Several weeks ago, Netflix began promoting a new film from French director Maimouna Doucoure called “Cuties.” The poster, featuring scantily clad children posing suggestively, caused well-deserved outrage. The Sundance Film Festival — which honored the film with a directing award — provided a synopsis that didn’t do much to quell the anger. According to Sundance, “Cuties” tells the story of an 11-year-old girl named Amy who, “through an ignited awareness of her burgeoning femininity, propels the group to enthusiastically embrace an increasingly sensual dance routine, sparking the girls’ hope to twerk their way to stardom at a local dance contest.” It is perhaps worth mentioning that Sundance was co-founded by a man who is now in prison for child sexual abuse. The film’s official description from Netflix was only slightly less grotesque-sounding: “Amy, 11, becomes fascinated with a twerking dance crew. Hoping to join them, she starts to explore her femininity, defying her family’s traditions.”
After the backlash, Netflix apologized — not for the film itself, but simply for the “inappropriate artwork.” The streaming service also changed the synopsis, getting rid of any mention of “twerking” and instead calling it a “free-spirited dance crew.” Netflix did not bother to explain why they used that “inappropriate artwork” in their promotional materials in the first place. If it doesn’t actually reflect the content of the film, and if they are not trying to attract an audience of pedophiles who wish to see pubescent girls gyrate on camera, then what was the thought process behind the way it was originally marketed? We were never told.
The website Bustle said that the poster was simply “botched.” Well, I can understand “botching” a poster with a typo or some other error due to carelessness, but how do you “botch” something by accidentally turning it into softcore child porn? Many other media outlets rushed to the defense of the twerking children’s movie. An article by Anna Menta on The Decider scolded the film’s detractors, baselessly linking the criticism to the QAnon conspiracy theory, and insisting that we detractors owe the director an apology.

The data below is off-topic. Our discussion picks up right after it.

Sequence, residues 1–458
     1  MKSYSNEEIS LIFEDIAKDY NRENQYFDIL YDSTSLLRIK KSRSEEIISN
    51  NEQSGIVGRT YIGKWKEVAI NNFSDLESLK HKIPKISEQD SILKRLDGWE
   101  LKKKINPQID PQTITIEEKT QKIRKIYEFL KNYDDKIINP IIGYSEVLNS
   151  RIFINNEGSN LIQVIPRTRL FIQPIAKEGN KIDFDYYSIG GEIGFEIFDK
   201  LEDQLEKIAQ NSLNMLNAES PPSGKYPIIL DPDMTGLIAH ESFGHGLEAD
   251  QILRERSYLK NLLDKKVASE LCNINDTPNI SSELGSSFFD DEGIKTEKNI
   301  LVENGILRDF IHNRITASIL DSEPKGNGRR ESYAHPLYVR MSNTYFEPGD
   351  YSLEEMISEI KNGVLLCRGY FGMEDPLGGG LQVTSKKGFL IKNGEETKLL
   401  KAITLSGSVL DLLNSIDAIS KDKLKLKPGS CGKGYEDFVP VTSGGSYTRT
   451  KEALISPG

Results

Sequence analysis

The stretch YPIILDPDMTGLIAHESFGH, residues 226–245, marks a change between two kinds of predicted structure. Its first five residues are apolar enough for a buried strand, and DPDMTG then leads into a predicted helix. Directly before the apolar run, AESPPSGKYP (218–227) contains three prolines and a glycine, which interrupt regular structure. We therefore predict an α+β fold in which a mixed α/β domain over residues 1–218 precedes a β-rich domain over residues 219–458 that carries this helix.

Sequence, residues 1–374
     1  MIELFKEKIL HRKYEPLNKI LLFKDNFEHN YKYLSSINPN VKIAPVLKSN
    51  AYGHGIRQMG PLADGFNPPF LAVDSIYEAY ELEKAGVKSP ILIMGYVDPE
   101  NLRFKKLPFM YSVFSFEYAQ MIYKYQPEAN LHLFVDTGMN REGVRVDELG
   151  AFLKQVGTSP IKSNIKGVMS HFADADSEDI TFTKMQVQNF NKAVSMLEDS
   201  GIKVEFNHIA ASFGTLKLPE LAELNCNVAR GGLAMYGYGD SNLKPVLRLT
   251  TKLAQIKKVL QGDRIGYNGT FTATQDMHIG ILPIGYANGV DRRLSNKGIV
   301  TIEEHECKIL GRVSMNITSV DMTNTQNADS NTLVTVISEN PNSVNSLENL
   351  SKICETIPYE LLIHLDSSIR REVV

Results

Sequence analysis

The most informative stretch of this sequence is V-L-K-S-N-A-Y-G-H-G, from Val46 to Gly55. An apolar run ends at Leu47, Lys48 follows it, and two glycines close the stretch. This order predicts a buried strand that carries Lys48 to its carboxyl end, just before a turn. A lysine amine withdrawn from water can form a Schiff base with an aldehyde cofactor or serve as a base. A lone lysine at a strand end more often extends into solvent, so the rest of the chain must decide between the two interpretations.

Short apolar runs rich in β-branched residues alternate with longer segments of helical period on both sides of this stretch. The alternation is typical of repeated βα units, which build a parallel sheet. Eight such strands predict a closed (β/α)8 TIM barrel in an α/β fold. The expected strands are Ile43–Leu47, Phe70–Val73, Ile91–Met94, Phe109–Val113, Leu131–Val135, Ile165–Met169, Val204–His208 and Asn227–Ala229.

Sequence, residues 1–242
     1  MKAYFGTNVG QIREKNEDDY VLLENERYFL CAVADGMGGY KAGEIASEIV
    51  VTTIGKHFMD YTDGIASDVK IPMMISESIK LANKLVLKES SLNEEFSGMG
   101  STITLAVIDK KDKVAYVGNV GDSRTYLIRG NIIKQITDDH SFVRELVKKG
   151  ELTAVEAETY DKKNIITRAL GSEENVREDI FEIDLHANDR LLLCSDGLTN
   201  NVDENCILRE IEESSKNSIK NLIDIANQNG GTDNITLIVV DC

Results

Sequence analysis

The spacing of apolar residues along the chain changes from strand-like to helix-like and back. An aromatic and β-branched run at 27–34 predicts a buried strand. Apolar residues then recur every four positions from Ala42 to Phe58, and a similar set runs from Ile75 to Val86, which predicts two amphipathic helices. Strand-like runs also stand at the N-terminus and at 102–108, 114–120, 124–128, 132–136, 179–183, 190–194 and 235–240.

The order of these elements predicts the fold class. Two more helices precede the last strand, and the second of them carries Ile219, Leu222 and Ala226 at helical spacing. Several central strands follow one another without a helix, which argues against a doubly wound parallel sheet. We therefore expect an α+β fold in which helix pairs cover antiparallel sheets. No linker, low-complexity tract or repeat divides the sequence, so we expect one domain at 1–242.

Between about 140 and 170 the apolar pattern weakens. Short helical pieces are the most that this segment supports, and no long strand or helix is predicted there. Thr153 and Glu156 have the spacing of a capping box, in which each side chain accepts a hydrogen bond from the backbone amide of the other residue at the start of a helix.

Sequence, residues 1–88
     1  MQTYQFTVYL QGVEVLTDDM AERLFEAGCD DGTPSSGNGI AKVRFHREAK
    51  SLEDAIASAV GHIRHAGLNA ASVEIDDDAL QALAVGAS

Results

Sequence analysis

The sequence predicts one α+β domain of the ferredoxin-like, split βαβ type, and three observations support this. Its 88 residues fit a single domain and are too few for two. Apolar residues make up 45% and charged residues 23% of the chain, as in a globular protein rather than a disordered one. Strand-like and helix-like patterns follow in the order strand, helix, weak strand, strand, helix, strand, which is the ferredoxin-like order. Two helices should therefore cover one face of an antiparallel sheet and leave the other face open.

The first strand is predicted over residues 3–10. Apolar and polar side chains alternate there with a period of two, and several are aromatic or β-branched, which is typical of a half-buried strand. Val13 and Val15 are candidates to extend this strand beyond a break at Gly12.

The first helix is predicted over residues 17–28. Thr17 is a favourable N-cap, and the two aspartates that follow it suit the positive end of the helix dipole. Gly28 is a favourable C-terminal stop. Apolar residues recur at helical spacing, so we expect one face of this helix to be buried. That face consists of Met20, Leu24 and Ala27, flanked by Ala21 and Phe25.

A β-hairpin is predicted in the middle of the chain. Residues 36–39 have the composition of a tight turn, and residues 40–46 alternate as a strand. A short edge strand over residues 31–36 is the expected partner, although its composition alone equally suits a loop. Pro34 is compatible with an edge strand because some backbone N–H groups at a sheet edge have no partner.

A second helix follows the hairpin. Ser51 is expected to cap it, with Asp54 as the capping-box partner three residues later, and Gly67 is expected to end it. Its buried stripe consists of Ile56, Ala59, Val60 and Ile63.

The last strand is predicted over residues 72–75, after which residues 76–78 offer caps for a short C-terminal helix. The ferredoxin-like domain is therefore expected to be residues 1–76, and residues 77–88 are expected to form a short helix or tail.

Richard Brody at the New Yorker called the movie “extraordinary” and blasted the “scurrilous campaign” launched by “right-wingers.” The Rolling Stone’s David Fear gave “Cuties” a generally positive review, saying that the outrage is all the product of a “major misleading marketing mistake.” The Independent joined the chorus of defenders, declaring: “Cuties on Netflix is too moving a film to be marred by one bad-taste poster.” Many outlets, such as NPR, claimed that the film actually criticizes and exposes the sexualization of children. Actress Tessa Thompson said that she was “gutted” by the “beautiful film” and that the “current discourse” misses the fact that the movie “comments on the hyper-sexualization of preadolescent girls.”
Overall, the outrage certainly did not deter the media from hailing “Cuties” as an artistic triumph. As we speak, it sits at a 90 percent fresh rating on review aggregator Rotten Tomatoes, with critics saying things like “it’s refreshingly frank about class, religion and burgeoning sexuality in ways mainstream American movies would never dare” and “Cuties certainly deserves to be seen.” And for a while, these valiant defenders in media and Hollywood had the advantage of being the only people to have actually seen it. The rest of us could but make assumptions based on the — it would seem rather significant — fact that it’s a movie about 11-year-olds twerking which Netflix had decided to market with a picture of said 11-year-olds barely clothed and striking sexual poses.